She gathered her things and left. I never did see her back on the issue she wanted me to address without notice. Must not have been that important.

That's one way I deal with shouters trying to claim credit for more weight than they actually carry. Another way is I have my bailiff remove them from the courtroom. But that's a different story.

Tim

I hesitate to suggest that Professor Pullum is being unsubtle, but not for long I don’t. And I fear, Mr McIntyre, that you are following him down his garden path.

I haven’t read many of the comments on the BBC site about Mr Engel’s silly article and the “50 most irritating Americanisms”, but the few dozen I have read do not display “clear hostility towards […] Americans". There are a large number of people telling us the expressions they dislike, a number pointing out that many of these expressions are not particularly American, and a number suggesting that getting annoyed about such things is silly. Altogether quite an encouraging lot of comments for an internet site on such a subject. (I accept my selection was a relatively small one, and the professor may have read many more, and his selection may be quite different in tone.)

But in any case the paradox Professsor Pullum sees is no paradox at all. There is no reason why people who are irritated by what they think are Americanisms in British speech should necessarily be equally irritated when they hear those Americanisms in the mouth of a citizen of the United States. And there is no reason why they should extend their dislike of these verbal tics to some sort of hatred of Americans or America, any more than Americans who dislike particular Briticisms are necessarily anti-British.

We all find particular forms irritating. I dislike the form which uses “I was, like,” to mean “I said” – it’s not in my English, it’s fairly recent, and it jars. A year or two ago I was irritated by “Absolutely” to mean the reply “Yes” (conveniently forgetting that I might use “Certainly” in exactly the same way. Or “Exactly”, come to that). I don’t let it spoil my sleep. Many Britons think irritating new forms are by definition American, but that’s just because the United States is so dominant in anglophone culture, and its language so fecund. Some Britons may get more irritated by new forms than is necessary or wise. That doesn’t make them racists.

Professor Pullum has now added to his post some comments by an American chum of his, Fritz Newmeyer. Professor Newmeyer differs from Professor Pullum’s view of British behaviour. He says in “social situations (dinner parties, pubs, the person seated next to me on a train)” in Britain he has been repeatedly shocked by overt in-your-face anti-Americanism.

Now Americans have a particularly patriotic view of their country, and a particular tendency to regard it as exceptional, and this can lead them to be particularly sensitive to criticism. But if that is not the case with Professor Newmeyer, one wonders why he is not more discriminating in his choice of dinner tables at which to accept hospitality – and if he repeatedly addresses the person sitting next to him in the train, someone should inform him of the curious British rules on When You May Talk to a Stranger.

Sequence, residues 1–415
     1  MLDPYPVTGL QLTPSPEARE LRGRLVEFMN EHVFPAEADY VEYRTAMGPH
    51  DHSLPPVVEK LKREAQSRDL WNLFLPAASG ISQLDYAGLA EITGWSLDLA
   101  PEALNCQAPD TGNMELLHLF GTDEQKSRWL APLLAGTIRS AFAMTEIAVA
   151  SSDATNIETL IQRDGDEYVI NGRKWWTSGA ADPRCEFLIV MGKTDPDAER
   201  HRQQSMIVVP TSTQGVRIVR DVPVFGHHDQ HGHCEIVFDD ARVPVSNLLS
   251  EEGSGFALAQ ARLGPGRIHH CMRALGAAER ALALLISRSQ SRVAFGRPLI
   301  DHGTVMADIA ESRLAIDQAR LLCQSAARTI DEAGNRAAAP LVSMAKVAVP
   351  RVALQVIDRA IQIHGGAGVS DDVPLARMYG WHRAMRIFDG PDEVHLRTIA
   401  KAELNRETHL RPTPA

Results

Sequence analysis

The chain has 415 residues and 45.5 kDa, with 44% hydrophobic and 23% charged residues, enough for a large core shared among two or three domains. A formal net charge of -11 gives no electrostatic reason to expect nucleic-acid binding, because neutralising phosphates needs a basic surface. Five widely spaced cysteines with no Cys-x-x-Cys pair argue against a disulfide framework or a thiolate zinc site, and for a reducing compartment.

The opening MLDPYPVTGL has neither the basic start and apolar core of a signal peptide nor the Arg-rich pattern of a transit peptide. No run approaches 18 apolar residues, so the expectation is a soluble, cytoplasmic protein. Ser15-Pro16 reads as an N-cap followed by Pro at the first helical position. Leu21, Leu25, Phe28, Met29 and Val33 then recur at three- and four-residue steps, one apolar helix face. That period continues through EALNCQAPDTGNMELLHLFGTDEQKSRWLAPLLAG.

All in all, as so often with Professor Pullum’s posts, I believe we have a great hoo-hah about very little. Outside the circles in which Professor Newmeyer chooses to mix, the British public is not anti-American. Tony Blair took us to war (in part at least) because he believed he would face electoral ruin with Middle England unless he was seen to be pro-American. We can all probably calm down.

Post a comment

(If you haven't left a comment here before, you may need to be approved by the site owner before your comment will appear. Until then, it won't appear on the entry. Thanks for waiting.)

Verification (needed to reduce spam):

About John McIntyre
John McIntyre, mild-mannered editor for a great metropolitan newspaper, has fussed over writers’ work, to sporadic expressions of gratitude, for thirty years. He is The Sun’s night content production manager and former head of its copy desk. He also teaches editing at Loyola University Maryland. A former president of the American Copy Editors Society, a native of Kentucky, a graduate of Michigan State and Syracuse, and a moderate prescriptivist, he writes about language, journalism, and arbitrarily chosen topics. If you are inspired by a spirit of contradiction, comment on the posts or write to him at john.mcintyre@baltsun.com.
Baltimore Sun Facebook page
-- ADVERTISEMENT --

Most Recent Comments
Sign up for FREE local news alerts
Get free Sun alerts sent to your mobile phone.*
Get free Baltimore Sun mobile alerts
Sign up for local news text alerts

Returning user? Update preferences.
Sign up for more Sun text alerts
*Standard message and data rates apply. Click here for Frequently Asked Questions.
Stay connected